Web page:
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With house prices continuing to skyrocket in Toronto and across the GTA, we’ve had a steadily increasing amount of people looking to purchase homes here in Collingwood, Wasaga Beach, The Blue Mountains, Grey County and Meaford…and who can blame them?! Not only are home prices more affordable, but this region also boasts the most wonderful landscapes, year-round activities, and cozy communities that are the envy of many!

If you are interested in saving up for that down payment, or you’ve already started and want to know the next steps, we’ve outlined the top considerations to get you going and to answer some concerns you may have.

How does it work?

In Canada, you must pay a portion of the purchase price upfront when buying a home, cottage, condominium or even a vacant lot – specifically, if you are getting a mortgage for that property. The minimum down payment is 5% of the purchase price for a home valued at $500,000 or less, then it’s 10% for any amount between $500,000 and $999,999. If the home is valued at $1 million or more, then the down payment will be 20%.

The more money you have towards your down payment, the less of a mortgage you will need, thus saving you significant money in interest payments.

What is a conventional mortgage?

The most popular type of mortgage is called a conventional mortgage, where a bank or mortgage broker can provide you with a loan of up to 80% of the purchase price of the home. So, if you only have 5, 10 or even 15% of your down payment saved up, you’ll need to come up with the remainder to get you to 20%. Luckily in Canada, you can get mortgage loan insurance if your down payment is less than 20% of the purchase price. Most home-buyers in this situation work with the Canada Mortgage and Housing Corporation (CMHC) and your lender can help you set this up and explain how the process and payments work.

Using your RRSPs

If you are a qualifying first-time home buyer, you might want to look into the Canada Home Buyer’s Plan. Through this plan, you could ‘borrow’ against your existing RRSPs to use for your down payment. The maximum you can take out is $35,000 per person (up to $70,000 per couple) and you have 15 years to pay what you borrowed back into the RRSPs you withdrew from. While there is no penalty or fee for accessing your RRSPs for your down payment, you won’t be earning any interest until they start to get paid back into your RRSP plan.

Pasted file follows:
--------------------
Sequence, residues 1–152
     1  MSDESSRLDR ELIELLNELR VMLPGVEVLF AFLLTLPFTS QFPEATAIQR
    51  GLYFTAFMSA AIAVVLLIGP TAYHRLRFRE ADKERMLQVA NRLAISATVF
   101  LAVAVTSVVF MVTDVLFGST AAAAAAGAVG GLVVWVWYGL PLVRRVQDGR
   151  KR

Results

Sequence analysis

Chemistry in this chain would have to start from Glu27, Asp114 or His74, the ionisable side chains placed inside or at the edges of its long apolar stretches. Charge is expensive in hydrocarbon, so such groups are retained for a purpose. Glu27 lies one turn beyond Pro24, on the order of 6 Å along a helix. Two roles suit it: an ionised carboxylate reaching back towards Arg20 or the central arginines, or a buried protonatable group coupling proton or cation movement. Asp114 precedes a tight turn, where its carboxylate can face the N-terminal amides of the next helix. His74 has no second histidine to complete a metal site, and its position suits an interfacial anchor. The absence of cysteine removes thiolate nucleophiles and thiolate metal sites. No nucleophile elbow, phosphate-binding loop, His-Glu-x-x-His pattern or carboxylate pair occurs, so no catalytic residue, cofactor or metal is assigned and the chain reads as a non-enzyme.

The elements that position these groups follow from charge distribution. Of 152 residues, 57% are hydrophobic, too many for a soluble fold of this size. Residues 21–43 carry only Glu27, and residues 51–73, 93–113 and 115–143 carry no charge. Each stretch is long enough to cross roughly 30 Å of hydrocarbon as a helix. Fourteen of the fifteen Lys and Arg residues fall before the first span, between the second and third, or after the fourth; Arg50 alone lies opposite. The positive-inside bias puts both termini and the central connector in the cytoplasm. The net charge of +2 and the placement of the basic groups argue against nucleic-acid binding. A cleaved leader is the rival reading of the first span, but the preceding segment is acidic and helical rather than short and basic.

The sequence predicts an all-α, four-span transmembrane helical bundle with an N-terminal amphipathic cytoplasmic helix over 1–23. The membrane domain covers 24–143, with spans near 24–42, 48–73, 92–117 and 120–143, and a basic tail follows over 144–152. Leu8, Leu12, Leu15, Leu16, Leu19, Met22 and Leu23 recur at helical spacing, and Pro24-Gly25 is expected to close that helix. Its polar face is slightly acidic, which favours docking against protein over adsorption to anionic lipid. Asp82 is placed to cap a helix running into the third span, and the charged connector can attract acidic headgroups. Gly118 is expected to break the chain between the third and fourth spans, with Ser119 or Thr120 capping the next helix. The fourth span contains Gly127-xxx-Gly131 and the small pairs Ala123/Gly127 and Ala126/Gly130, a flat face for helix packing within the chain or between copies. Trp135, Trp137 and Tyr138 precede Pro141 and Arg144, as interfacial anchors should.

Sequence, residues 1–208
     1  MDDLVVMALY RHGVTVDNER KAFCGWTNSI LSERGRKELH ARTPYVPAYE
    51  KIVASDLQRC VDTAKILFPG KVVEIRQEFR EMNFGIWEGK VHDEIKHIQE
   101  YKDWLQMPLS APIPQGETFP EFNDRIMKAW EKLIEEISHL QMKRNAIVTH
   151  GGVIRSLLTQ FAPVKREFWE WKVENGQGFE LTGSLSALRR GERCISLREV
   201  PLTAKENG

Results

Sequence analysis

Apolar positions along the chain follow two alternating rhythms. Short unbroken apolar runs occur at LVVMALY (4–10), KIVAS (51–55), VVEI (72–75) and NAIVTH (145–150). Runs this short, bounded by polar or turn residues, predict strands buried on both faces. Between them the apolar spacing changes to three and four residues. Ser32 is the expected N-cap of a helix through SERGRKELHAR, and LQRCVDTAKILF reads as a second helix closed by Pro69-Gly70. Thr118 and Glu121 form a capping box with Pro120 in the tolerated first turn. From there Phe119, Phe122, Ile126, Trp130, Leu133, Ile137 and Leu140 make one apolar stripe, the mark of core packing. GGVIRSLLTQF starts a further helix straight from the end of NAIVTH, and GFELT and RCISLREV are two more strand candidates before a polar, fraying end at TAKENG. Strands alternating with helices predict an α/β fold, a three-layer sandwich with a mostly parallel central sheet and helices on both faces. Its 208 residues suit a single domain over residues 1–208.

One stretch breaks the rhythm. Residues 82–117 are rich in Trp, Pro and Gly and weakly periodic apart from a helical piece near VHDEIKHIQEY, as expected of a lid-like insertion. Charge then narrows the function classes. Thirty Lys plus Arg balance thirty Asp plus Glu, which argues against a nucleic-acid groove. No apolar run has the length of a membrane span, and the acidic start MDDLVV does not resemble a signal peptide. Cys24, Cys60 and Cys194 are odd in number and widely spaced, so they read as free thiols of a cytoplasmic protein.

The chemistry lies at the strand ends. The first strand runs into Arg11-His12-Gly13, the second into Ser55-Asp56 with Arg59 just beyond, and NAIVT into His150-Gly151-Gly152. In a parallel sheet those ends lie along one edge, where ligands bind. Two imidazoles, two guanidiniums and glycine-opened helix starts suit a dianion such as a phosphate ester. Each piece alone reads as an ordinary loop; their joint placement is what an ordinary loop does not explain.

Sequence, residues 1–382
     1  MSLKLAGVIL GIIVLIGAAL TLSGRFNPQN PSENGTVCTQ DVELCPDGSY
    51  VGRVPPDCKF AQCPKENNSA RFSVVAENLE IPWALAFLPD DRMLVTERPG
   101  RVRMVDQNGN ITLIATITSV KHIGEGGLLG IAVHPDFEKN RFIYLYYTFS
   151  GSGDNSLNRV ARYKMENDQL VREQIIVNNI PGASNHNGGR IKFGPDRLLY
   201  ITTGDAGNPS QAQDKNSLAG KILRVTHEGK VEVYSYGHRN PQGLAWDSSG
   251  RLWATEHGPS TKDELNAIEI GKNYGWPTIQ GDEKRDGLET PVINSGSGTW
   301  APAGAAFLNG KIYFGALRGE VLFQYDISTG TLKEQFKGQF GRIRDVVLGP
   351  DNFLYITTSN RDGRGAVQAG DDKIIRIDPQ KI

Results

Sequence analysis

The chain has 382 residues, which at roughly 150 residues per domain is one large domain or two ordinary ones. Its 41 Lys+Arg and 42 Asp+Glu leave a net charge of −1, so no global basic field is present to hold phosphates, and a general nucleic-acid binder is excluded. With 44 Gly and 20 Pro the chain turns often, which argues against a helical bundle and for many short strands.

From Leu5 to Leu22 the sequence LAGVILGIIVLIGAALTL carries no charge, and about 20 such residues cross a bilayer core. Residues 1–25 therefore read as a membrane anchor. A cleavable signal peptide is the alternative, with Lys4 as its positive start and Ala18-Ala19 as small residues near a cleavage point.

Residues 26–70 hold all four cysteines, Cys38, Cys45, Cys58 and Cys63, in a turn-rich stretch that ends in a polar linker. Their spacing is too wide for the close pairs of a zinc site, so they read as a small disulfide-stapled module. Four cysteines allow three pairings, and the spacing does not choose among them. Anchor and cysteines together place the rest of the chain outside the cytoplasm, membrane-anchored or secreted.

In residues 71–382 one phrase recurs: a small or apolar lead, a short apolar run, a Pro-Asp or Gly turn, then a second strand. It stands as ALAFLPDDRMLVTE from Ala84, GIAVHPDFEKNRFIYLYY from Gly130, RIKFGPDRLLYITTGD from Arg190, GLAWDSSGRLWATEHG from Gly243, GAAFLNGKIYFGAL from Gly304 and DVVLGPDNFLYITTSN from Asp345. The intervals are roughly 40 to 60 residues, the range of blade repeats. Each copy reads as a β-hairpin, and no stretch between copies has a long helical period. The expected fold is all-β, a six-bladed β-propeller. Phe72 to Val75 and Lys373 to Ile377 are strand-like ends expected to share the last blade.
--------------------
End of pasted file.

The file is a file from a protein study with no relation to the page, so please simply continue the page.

The First-Time Home Buyer Incentive

If you are a first-time home buyer, there is a brand-new federal government incentive program that may be of interest to you. While it doesn’t help with down payments per se, its goal is to help people access affordable homes while reducing monthly mortgage costs. To find out more about this unique lending program and to see if you’re eligible, click here. Further, be sure to talk to your lender, Realtor® and/or real estate lawyer about other government incentives such as the First Time Home Buyer’s Tax Credit and the GST/HST New Housing Rebate. With these incentives in place, you may be closer to your down payment than you had originally thought!

Many people are choosing creative ways to save for their down payment, such as co-renting with others, living with parents while saving, or taking on a second job. If homeownership is a dream of yours, be sure to talk to the professionals about your down payment options. You’ll need to know that you’re really ready and able to manage in terms of other costs and concerns such as property taxes, closing costs, utilities, repairs, condo fees, and so on.

At Clairwood Real Estate, we’re here to help you break into the real estate market and get started on your new adventure as a homeowner. Connect with our trusted team today; we’re here to walk you through every step of the process whether it be your first home or your fifth investment property. Call us today at 705-445-7085 and let’s get started.